Wednesday, 1 October 2008

Lots more on the Mamela tombs aka Ankhtifi at Moalla

My Egyptian guide friend Hussein having correctly identified the tomb for me, now the information has come rolling in.

Francois Tonic tells me he has visited there as an ordinary tourist and it is quite easy from Luxor although you have to use the convoy.

Elke Noppes gave me two websites Wikipedia:
and another Site which pictures from Moalla:

And big thanks to Ed Johnson who has given me a detailed description

It is a 10th dynasty First Intermediate Period Tomb, one of a group situated on the East side of the road, about one half to two thirds of the way up the hill. It is the best preserved of the group and is therefore secured with a gate and lock. The others are not, there is a lot less remaining of them and they are all smaller than Anktifi's.

The layout of the tomb is such that you enter the long transverse chapel from the door in the center front face of the tomb. Upon entering the door you are facing the tomb shaft, the opening of which is now quite large and is fenced off and which drops down about 10 feet. The burial chamber proceeds from the bottom of the shaft on an east-west axis The chapel is fairly large, at least 30 feet to each side of the shaft. The roof is mostly of wood, a modern construction, though closer to the back face of the tomb there is still the remains of the original rock cut ceiling supported by some of the original pillars, though some are fragmentary. The entire tomb was cut in a layer of limestone which is badly fractured and has led to loss of the ceiling and other parts of the tomb, as well.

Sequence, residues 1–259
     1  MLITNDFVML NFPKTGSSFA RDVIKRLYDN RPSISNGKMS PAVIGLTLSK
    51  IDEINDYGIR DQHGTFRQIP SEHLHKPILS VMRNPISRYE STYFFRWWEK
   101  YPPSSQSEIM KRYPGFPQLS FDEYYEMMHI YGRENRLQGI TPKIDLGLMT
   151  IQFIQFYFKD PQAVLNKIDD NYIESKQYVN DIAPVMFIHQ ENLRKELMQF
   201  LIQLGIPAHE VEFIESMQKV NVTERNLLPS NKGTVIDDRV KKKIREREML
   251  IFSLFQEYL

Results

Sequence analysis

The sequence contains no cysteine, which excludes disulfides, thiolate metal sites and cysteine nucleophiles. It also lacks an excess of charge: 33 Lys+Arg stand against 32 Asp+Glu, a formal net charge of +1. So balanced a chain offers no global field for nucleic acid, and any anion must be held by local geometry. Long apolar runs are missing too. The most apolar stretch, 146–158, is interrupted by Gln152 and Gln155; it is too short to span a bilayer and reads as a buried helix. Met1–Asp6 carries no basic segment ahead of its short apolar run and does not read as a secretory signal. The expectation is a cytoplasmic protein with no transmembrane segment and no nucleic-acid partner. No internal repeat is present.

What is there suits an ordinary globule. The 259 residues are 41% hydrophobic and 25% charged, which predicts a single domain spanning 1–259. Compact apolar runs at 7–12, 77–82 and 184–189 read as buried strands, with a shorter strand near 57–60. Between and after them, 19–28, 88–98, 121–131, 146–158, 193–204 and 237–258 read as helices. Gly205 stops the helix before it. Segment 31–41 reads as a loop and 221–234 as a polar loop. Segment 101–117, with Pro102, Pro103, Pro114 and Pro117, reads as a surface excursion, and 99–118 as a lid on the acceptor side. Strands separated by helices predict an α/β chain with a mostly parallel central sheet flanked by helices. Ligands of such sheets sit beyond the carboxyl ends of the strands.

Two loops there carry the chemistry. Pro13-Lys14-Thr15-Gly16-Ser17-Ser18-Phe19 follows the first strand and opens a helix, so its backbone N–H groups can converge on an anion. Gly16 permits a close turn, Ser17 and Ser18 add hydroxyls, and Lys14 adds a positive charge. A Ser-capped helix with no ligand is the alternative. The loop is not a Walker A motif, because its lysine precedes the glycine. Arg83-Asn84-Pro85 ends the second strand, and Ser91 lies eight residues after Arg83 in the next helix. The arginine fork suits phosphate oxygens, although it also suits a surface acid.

While the burial shaft is undecorated and not readily accessible, the rest of the tomb is. It is done in typical provincial style, which some people consider crude and inferior, but which has a certain charm and vitality of its own. Some of the remaining wall paintings are well preserved and remain quite colorful, if I remember correctly, mostly on the rear of the front wall and on some of the columns. However, some of the scenes have suffered and are unclear, having been effected with water over the centuries, as parts of it were clearly open for extended periods of time before it was rescued and conserved and even now the roof is not watertight, as they never are. These areas appear almost erased or to have been covered over with water borne plaster and mud, obscuring the surface.

The tomb has been the subject of several campaigns of conservation, most recently by the SCA conservators from Esna and there is a large modern SCA magazine and conservation lab just down the hill and a bit to the south. The last conservation efforts were undertaken some years ago and were aimed at trying to ameliorate earlier treatments with consolidants which were less than ideal, such as PVA and some others. These are hard to remove and the efforts have met with limited success. These consolidants have contributed to the inability to clean up some of the obscured scenes.

Some of the internal pillars are unusual, being cone shaped, with the large end toward the ground and tapering to the top. These are also decorated, some nicely, some with their decoration a bit muddy looking as noted above.

There are several other tombs in the hill, none as large and none as well preserved as Anktifi's, though there are isolated surviving scenes in some of them, which have also been the subject of some conservation efforts.

It is not a major site and visitors are few, but it is worthwhile to see if you can drop by and spend perhaps 30 minutes looking around. I used it last year to illustrate some points and geology for our class on the way to Send, as some of our students were based there and a couple had actually been involved with the earlier conservation of the tomb and had worked at the site, so we were all interested to see what they had done.

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